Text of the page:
To this I add ibuprofen, antihistamine, aspirin, Loperamide (Imodium), glucose tablets, non applicator tampons, sanitary pads and a tick remover.

I’m often asked why I take tampons and sanitary pads as a male person.  Tampons are great for stemming nose bleeds and sanitary pads work well for stemming any sort of bleed.  They’re cheap and light weight.  They also have the added bonus of being useful to the occasional client who might have forgotten to pack her essential kit.


Multi day small group First Aid Kit

Lifesystems Mountain Leader First Aid Kit                    Lifesystems Mountain Leader First Aid Kit contents


We use the Lifesystems Mountain Leader First Aid Kit as our base for small groups who are intentionally going to be more remote or staying out for a number of days;

Lifesystems Mountain Leader First Aid Contents

In addition to what is listed I also add ibuprofen, antihistamine, aspirin, Loperamide (Imodium), glucose tablets, non applicator tampons, sanitary pads and a tick remover.


Overseas Expeditions First Aid Kit

When we go on overseas expeditions which tend to be in even more remote areas we need to be even more self sufficient.  This takes more training and we will take all of the above in our first aid kit but will also add;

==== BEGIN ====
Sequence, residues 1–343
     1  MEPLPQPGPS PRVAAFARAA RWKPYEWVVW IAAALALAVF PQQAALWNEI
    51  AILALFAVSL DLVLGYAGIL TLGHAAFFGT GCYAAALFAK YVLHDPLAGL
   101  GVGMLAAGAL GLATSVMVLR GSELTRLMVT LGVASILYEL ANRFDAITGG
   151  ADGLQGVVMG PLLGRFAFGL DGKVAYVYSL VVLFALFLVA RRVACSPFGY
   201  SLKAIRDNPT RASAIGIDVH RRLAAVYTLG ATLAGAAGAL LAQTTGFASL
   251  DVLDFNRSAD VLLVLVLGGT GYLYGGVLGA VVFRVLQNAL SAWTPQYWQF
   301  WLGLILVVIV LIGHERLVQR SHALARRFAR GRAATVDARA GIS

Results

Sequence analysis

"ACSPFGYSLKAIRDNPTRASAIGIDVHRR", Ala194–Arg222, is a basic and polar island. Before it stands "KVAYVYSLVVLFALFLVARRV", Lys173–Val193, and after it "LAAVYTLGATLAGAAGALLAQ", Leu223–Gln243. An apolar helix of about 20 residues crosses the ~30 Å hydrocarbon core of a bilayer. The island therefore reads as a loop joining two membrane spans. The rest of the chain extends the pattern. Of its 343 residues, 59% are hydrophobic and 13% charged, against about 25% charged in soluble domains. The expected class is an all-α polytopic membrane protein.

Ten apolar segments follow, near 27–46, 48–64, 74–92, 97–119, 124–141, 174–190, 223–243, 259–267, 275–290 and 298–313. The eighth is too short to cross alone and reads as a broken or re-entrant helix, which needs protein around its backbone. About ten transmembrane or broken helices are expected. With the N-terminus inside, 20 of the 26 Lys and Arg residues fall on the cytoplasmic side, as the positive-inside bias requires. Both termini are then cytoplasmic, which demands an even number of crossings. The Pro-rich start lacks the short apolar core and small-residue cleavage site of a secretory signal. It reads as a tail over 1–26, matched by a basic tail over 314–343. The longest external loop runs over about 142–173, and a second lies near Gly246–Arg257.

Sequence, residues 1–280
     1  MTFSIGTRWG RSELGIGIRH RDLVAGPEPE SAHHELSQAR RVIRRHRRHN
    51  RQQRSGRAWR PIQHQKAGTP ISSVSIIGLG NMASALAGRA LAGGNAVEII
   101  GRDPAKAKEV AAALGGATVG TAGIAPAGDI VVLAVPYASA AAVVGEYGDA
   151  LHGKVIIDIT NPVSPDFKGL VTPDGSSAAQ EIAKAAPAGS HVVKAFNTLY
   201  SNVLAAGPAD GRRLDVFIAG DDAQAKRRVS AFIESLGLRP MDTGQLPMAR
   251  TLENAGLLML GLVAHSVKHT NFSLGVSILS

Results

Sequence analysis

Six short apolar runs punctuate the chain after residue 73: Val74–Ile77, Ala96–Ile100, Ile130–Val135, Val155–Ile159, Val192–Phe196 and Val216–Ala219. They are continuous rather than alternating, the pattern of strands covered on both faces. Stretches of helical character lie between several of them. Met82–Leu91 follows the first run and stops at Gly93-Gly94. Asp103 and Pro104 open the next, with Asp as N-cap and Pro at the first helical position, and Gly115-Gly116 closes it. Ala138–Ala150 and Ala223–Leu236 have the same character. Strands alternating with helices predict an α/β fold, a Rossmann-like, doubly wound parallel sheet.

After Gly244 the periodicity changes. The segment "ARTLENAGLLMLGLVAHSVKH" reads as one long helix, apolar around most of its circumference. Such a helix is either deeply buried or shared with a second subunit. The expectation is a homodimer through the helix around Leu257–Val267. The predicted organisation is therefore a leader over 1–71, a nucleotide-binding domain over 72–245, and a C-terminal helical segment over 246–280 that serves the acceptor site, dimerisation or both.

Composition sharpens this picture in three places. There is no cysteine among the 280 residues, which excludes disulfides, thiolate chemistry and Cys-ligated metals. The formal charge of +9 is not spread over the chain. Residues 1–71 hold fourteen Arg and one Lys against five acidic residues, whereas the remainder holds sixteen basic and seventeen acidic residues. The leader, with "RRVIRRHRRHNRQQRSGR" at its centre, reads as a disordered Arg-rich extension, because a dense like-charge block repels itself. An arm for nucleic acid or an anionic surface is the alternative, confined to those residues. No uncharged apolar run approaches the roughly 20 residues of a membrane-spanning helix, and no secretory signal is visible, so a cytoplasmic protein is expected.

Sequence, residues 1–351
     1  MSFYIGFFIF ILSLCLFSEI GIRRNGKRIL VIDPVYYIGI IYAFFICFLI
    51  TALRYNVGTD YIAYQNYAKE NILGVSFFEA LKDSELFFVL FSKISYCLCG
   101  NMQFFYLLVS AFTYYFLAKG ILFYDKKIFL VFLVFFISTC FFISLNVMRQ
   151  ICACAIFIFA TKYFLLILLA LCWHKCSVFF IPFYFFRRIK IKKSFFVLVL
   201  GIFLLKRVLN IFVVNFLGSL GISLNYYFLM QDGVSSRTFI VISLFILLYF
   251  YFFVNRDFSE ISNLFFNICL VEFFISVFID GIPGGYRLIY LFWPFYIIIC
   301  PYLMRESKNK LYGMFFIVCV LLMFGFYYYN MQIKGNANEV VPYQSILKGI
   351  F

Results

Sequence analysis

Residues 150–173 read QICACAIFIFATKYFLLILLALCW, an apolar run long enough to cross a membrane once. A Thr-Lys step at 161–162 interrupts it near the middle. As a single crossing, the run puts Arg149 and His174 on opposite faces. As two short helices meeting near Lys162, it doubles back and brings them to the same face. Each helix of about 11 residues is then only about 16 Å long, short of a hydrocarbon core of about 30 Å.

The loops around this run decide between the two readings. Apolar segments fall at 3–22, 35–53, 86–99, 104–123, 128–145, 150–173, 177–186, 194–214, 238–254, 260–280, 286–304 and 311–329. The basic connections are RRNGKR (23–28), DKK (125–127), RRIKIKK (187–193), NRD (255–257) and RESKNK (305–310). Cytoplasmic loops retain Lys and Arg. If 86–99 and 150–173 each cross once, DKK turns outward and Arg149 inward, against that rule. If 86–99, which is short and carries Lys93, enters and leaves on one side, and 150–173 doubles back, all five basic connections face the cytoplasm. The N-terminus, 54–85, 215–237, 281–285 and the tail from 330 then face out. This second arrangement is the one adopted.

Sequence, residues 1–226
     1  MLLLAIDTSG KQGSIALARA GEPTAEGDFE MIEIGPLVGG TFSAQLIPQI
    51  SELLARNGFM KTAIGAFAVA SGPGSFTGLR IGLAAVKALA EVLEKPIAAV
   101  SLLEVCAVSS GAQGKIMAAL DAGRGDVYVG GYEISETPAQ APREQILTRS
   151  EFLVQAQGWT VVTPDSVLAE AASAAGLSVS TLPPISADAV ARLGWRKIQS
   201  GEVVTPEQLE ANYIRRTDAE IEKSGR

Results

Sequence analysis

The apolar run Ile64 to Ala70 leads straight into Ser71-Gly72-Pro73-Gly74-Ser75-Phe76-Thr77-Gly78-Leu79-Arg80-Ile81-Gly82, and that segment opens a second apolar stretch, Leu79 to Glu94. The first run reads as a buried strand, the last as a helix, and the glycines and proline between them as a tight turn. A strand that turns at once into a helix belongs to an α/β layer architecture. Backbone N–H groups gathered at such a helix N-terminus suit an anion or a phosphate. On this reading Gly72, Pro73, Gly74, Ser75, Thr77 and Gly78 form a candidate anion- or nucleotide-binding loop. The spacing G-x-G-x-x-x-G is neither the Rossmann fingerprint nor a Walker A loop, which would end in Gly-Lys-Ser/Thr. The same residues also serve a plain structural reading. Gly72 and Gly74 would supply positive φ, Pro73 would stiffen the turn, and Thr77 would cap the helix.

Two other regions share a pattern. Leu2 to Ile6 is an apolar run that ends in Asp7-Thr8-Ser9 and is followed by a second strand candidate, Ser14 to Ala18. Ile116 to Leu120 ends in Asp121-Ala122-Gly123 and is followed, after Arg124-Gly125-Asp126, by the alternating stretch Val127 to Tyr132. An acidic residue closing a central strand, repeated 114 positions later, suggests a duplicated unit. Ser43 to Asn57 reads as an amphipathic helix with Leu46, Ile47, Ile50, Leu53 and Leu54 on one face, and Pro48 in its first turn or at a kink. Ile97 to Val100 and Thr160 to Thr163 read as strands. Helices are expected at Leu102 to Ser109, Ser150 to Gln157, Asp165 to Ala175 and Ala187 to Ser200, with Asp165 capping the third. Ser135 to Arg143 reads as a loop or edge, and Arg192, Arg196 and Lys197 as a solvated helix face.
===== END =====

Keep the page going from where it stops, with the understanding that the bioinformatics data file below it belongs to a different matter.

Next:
• Saline Eye Wash Pods
  • Ciprofloxacin (Antibiotic 500mg)
  • Anti-acid
  • Venflon IV Cannula 18g Green
  • Sterile Syringe Smls
  • Hypodermic Needle
  • Savlon Antiseptic Spray
  • Burn Gel Dressing {10cm x 10cm)
  • Sam Splint
  • Roll of Duct Tape {1.8m)
  • Electrolyte Powder
  • Throat Lozengers (x12 Tablets)
  • Movicol Sachet
  • Canesten Hydrocortizone
  • Digital Thermometer
  • EpiPen

And then for high altitude expeditions there would be the addition of;

  • Acetazolamide (250mg tablets)
  • Dexamethasone (250mg tablets)
  • Nifedipine (l0mg tablets)

As a Wilderness First Responder I may also take a stethoscope and blood pressure cuff.



Is there anything else I should include?


Other items that come into their own in a first aid situation but are not in the kit itself are;

A shelter

I carry a two person group shelter as a matter of course in my rucksack, and hand out group shelters when I’m working with groups.  You might choose to include a survival bag instead, as a cheaper and lighter option.  This helps you to keep your casualty warm and dry while waiting for help to arrive.  They can also be used to give privacy to a casualty while you’re helping them, particularly if you’re in a popular area.